Mass. SJC declares that SORB can’t use post-July 12, 2013 failed reclassification attempts as basis to publish previously barred Level Two information on the internet

SUMMARY: Massachusetts Supreme Judicial Court (SJC) clarified an earlier ruling enjoining the Massachusetts Sex Offender Registry Board (SORB) from publishing registry information on Level Two sex offenders classified before July 12, 2013. The SJC stated that SORB cannot use a post-July 12, 2013 failure to reclassify a Level Two as a Level Three as a post-July 12, 2013 finding of a Level Two, and thereby justify internet publication of the

Massachusetts High Court Upholds Civil Commitment of Sex Offender against Substantive Due Process Challenge, But Declares Portion of Sex Offender Assessment Tests Now Inadmissible

SUMMARY: The Massachusetts Supreme Judicial Court (SJC) upheld the civil commitment of a defendant as a Sexually Dangerous Person (SDP) as a result of his diagnosis as having Antisocial Personality Disorder (ASPD). The SJC rejected defendant’s Substantive Due Process claims that ASPD was insufficient to commit him as an SDP, clarifying that ASPD is sufficient proof for sexual dangerousness if there is a nexus between the disorder and the factors

“Clear and Convincing Evidence” Now the Standard for Sex Offender Classification in Massachusetts

SUMMARY: In an earth-shifting case, the Massachusetts Supreme Judicial Court (SJC) increased the standard of proof necessary for the Sex Offender Registry Board (SORB) to classify a convicted sex offender. The SJC increased the burden to a “clear and convincing” standard, replacing the older “preponderance of the evidence” standard. CASE NAME: Doe No. 380316 v. Sex Offender Registry Board, 473 Mass. 297 (2015) . DECISION: Unanimous, 7-0, opinion by Justice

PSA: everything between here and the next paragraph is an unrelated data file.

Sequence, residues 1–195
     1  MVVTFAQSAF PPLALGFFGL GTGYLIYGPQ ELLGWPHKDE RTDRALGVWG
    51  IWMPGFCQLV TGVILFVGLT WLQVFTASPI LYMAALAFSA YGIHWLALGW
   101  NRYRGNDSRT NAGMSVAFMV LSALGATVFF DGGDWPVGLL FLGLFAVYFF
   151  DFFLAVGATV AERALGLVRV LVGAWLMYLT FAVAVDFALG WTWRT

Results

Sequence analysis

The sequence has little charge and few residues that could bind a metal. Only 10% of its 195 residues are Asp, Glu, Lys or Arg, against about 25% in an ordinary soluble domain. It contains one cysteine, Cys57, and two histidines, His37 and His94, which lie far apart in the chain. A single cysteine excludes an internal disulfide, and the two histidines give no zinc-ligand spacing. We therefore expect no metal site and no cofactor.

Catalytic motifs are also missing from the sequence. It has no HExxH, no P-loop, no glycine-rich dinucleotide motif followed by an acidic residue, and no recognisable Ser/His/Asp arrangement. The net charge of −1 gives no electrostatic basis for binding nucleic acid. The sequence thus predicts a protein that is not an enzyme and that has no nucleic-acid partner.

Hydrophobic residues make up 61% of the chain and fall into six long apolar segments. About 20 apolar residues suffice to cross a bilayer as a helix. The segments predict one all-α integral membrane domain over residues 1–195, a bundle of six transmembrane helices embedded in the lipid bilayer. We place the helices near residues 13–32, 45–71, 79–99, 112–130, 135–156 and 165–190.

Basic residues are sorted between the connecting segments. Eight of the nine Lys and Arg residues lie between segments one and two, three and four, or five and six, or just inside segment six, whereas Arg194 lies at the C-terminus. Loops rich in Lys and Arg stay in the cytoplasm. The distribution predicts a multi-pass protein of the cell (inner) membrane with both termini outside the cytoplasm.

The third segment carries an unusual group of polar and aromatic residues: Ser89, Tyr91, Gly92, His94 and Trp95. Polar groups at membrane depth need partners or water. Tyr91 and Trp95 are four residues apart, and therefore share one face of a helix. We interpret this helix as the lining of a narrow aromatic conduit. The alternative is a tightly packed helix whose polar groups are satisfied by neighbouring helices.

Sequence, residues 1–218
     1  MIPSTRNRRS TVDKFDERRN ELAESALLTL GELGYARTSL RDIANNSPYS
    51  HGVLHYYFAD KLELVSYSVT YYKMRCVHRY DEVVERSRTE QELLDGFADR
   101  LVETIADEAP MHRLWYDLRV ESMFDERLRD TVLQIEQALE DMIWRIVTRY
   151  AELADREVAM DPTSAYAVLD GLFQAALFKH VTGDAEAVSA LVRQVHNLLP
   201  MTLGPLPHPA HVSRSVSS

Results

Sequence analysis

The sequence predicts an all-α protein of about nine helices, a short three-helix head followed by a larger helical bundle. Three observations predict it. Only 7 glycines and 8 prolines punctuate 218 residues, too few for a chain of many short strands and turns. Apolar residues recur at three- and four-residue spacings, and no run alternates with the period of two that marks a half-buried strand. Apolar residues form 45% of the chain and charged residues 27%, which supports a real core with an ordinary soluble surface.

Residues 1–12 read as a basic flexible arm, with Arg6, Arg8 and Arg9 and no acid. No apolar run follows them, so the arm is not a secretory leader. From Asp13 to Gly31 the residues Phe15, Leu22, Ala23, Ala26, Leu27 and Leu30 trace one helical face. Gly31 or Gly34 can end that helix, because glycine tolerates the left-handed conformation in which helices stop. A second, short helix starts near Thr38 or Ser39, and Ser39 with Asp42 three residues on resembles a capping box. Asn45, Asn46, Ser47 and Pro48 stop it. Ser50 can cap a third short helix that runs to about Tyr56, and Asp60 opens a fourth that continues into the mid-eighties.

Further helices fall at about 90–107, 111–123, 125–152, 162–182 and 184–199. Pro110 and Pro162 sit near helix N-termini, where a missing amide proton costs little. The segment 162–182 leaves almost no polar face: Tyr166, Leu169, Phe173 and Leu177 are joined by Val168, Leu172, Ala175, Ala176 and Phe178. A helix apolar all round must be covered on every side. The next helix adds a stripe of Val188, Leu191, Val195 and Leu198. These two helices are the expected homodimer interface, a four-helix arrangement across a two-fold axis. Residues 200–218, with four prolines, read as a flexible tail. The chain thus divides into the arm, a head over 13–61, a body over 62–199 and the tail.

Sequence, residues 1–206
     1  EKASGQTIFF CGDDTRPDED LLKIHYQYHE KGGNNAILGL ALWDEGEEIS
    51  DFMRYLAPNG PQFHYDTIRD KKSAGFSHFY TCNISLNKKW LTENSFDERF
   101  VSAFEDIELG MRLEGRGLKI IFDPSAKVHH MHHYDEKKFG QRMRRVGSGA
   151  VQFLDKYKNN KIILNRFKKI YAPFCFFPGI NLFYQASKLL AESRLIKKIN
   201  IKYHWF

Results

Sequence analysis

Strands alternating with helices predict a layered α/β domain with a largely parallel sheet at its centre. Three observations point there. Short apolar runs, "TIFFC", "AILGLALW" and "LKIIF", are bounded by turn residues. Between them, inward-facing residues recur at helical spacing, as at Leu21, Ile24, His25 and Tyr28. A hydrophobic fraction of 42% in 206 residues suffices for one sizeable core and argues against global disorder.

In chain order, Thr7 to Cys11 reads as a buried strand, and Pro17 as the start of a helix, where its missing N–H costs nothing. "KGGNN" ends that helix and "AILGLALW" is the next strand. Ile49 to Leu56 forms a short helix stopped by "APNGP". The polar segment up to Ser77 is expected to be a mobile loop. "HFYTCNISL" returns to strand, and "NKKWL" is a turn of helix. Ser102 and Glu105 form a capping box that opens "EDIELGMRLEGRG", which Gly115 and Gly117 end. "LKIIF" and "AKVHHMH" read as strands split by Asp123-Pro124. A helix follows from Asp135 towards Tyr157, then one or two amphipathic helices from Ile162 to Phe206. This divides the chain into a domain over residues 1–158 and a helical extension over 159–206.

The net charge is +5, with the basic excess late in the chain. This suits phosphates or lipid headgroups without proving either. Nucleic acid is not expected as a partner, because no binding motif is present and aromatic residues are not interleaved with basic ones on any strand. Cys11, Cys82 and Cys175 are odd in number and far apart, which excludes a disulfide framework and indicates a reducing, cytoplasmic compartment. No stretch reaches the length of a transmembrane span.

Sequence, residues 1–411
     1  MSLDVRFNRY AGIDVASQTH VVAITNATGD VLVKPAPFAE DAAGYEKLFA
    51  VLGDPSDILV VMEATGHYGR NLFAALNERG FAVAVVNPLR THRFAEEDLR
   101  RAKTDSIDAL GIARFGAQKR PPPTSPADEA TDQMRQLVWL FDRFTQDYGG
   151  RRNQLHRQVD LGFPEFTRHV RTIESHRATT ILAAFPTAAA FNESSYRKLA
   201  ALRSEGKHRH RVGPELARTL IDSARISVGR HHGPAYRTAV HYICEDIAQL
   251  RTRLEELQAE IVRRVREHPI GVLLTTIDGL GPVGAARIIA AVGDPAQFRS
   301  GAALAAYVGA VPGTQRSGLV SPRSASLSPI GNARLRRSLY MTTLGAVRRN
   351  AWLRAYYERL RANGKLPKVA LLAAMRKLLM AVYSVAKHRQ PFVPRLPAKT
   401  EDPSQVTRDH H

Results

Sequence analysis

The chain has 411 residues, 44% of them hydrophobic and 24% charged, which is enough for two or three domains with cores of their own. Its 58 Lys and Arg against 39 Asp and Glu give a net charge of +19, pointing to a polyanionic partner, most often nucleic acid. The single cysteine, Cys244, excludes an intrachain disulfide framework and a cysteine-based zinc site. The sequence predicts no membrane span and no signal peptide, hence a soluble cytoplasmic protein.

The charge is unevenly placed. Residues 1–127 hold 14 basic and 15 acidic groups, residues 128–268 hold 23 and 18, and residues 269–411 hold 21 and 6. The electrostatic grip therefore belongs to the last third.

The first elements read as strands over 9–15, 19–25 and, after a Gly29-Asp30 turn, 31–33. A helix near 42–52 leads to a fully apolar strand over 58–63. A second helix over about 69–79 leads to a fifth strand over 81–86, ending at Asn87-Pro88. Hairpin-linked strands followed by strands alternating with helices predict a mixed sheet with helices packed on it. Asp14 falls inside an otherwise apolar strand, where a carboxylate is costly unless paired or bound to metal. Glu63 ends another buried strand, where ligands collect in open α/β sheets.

Appeals Court Affirms Sex Offense Convictions, Despite Arguments Raised Regarding the First Amendment, Legislative Intent, and Limiting Instructions to the Jury

SUMMARY: The Massachusetts Appeals Court affirmed the defendant’s convictions for child rape, child pornography, and dissemination of matter harmful to minors when a 23-year old man and a 13-14 year old girl had sexual contact both in person and via cell phone. The defendant raised arguments based on legislative intent, First Amendment, and Improper jury instruction grounds, none of which the court found persuasive. The jury was notably limited by

U.S. Supreme Court Unanimously Strikes Down Law Banning Sex Offenders from Using Facebook

A unanimous (8-0) U.S. Supreme Court struck down a North Carolina law that banned registered sex offenders from using social media (such as Facebook), as it the Court deemed it a violation of the First Amendment. The case is titled Packingham v. North Carolina. Despite the unanimity, the Court was divided on how far the First Amendment prohibits states from preventing sex offenders on the web. The majority (in an